Who Are the Predators?

The leader of Britain’s political opposition, Ed Miliband, now talks of the conflict between “predators” and “producers”. At a press conference he was repeatedly challenged to elaborate on the meaning of those words. He failed to give definitions: an example of why government policy-making is in chaos – not just in the UK, but in every country in the world today.

Miliband’s speech at his party’s conference was startling for the language he used to castigate certain forms of economic behaviour. This was the first time a mainstream politician had spoken of predators. I had used the word in the title of my book – The Predator Culture – published last year. I offer a precise definition, contrasting predators with the producers who add value to the economy. The predators are those who extract value, without offering an equal value in return.

Why do sharp definitions matter? Because analysis of problems, and the formulation of solutions, rests on precision of language. If Miliband aspires to be something more than a hectoring demagogue in these time of mass anxiety, he needs to be forensic in his approach to communicating with people who are losing homes and jobs.

His Labour Party was responsible for allowing Britain to drive itself into debt and the boom/bust tragedy that has sunk the economy into the worst depression since the 1930s. It ill behoves him and his economic spokesman, Ed Balls, to criticise the government when they are not able to add any wisdom to the problem of governance in these times of crisis.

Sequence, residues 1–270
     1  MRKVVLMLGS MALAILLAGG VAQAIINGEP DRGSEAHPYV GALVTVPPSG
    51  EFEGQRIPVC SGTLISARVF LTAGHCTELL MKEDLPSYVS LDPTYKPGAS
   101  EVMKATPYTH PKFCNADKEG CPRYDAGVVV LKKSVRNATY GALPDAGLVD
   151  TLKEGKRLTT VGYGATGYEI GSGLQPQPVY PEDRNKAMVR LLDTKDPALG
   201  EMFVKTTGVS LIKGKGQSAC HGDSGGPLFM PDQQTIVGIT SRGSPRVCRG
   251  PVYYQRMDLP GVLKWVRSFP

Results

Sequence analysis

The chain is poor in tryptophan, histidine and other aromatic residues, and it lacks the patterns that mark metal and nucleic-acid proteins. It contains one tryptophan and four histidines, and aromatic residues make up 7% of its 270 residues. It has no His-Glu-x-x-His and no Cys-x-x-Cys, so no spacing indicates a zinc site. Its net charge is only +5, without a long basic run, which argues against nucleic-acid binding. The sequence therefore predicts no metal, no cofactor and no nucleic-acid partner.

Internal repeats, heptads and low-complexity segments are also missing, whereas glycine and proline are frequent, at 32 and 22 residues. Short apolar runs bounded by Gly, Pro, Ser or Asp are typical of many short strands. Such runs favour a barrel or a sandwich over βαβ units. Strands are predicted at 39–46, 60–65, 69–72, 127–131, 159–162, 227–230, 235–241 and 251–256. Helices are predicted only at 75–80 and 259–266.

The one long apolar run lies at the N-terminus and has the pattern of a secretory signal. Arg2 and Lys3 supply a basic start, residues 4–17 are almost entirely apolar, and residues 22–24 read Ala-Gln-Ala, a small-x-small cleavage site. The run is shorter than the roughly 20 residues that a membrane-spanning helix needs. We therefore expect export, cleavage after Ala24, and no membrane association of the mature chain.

The Rent Seekers

I use the notion of predators to identify people who are living off the backs of other people. Yes, that includes the bonus grabbing bankers who manipulated mortgages. It includes corporate bosses who seek protection from the state to generate super profits. But the main predators are those of us who own land. We joyfully pocket our capital gains as if we had earned this value. We didn’t: it cascades as if it were manna from heaven.

The Occupy Wall Street protesters around the world are also using vague language to vent their anger. Banks are their main bêtte noir. They castigate “capitalism” – ignoring the fact that the market economy is not to blame. The fault lies with politicians like Ed Miliband, who do not take the trouble to trace the world’s problems to their root causes.

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